19:6 When the chief priests and their officers saw him, they shouted out, “Crucify 1 him! Crucify him!” 2 Pilate said, 3 “You take him and crucify him! 4 Certainly 5 I find no reason for an accusation 6 against him!” 19:7 The Jewish leaders 7 replied, 8 “We have a law, 9 and according to our law he ought to die, because he claimed to be the Son of God!” 10
19:12 From this point on, Pilate tried 11 to release him. But the Jewish leaders 12 shouted out, 13 “If you release this man, 14 you are no friend of Caesar! 15 Everyone who claims to be a king 16 opposes Caesar!”
1 sn Crucifixion was the cruelest form of punishment practiced by the Romans. Roman citizens could not normally undergo it. It was reserved for the worst crimes, like treason and evasion of due process in a capital case. The Roman statesman and orator Cicero (106-43
2 tn The word “him” is not in the Greek text. Direct objects were often omitted in Greek when clear from context.
3 tn Grk “said to them.” The words “to them” are not translated because they are unnecessary in contemporary English style.
4 sn How are Pilate’s words “You take him and crucify him” to be understood? Was he offering a serious alternative to the priests who wanted Jesus crucified? Was he offering them an exception to the statement in 18:31 that the Jewish authorities did not have the power to carry out a death penalty? Although a few scholars have suggested that the situation was at this point so far out of Pilate’s control that he really was telling the high priests they could go ahead and crucify a man he had found to be innocent, this seems unlikely. It is far more likely that Pilate’s statement should be understood as one of frustration and perhaps sarcasm. This seems to be supported by the context, for the Jewish authorities make no attempt at this point to seize Jesus and crucify him. Rather they continue to pester Pilate to order the crucifixion.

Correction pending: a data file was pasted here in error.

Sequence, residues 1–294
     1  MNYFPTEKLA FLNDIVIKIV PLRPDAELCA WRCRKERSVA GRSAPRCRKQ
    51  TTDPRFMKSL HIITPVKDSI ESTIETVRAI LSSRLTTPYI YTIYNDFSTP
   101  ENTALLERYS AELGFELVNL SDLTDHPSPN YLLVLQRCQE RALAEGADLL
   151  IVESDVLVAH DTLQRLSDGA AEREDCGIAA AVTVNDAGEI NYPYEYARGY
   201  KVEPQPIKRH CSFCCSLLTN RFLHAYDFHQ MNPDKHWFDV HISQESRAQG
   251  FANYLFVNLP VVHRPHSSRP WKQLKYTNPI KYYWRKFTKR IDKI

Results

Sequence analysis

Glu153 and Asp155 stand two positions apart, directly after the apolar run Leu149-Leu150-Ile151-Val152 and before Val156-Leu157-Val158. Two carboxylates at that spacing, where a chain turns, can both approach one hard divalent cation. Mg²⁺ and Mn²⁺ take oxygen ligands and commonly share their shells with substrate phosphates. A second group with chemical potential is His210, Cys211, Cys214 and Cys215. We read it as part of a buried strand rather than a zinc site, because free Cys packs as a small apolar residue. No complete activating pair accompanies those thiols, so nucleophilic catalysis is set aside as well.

5 tn On this use of γάρ (gar) used in exclamations and strong affirmations, see BDAG 190 s.v. γάρ 3.
6 tn Or “find no basis for an accusation”; Grk “find no cause.”
7 tn Or “the Jewish authorities”; Grk “the Jews.” In NT usage the term ᾿Ιουδαῖοι (Ioudaioi) may refer to the entire Jewish people, the residents of Jerusalem and surrounding territory, the authorities in Jerusalem, or merely those who were hostile to Jesus. (For further information see R. G. Bratcher, “‘The Jews’ in the Gospel of John,” BT 26 : 401-9.) Here the phrase refers to the Jewish leaders, especially members of the Sanhedrin, and their servants (mentioned specifically as “the chief priests and their servants” in John 19:6).
8 tn Grk “answered him.”
10 tn Grk “because he made himself out to be the Son of God.”
11 tn Grk “sought.”
12 tn Or “the Jewish authorities”; Grk “the Jews.” Here the phrase refers to the Jewish leaders, especially members of the Sanhedrin, and their servants (mentioned specifically as “the chief priests and their servants” in John 19:6). See the note on the phrase “Jewish leaders” in v. 7.
13 tn Grk “shouted out, saying.”
14 tn Grk “this one.”
15 sn Is the author using the phrase Friend of Caesar in a technical sense, as a title bestowed on people for loyal service to the Emperor, or in a more general sense merely describing a person as loyal to the Emperor? L. Morris (John [NICNT], 798) thinks it is “unlikely” that the title is used in the technical sense, and J. H. Bernard (St. John [ICC], 2:621) argues that the technical sense of the phrase as an official title was not used before the time of Vespasian (
16 tn Grk “who makes himself out to be a king.”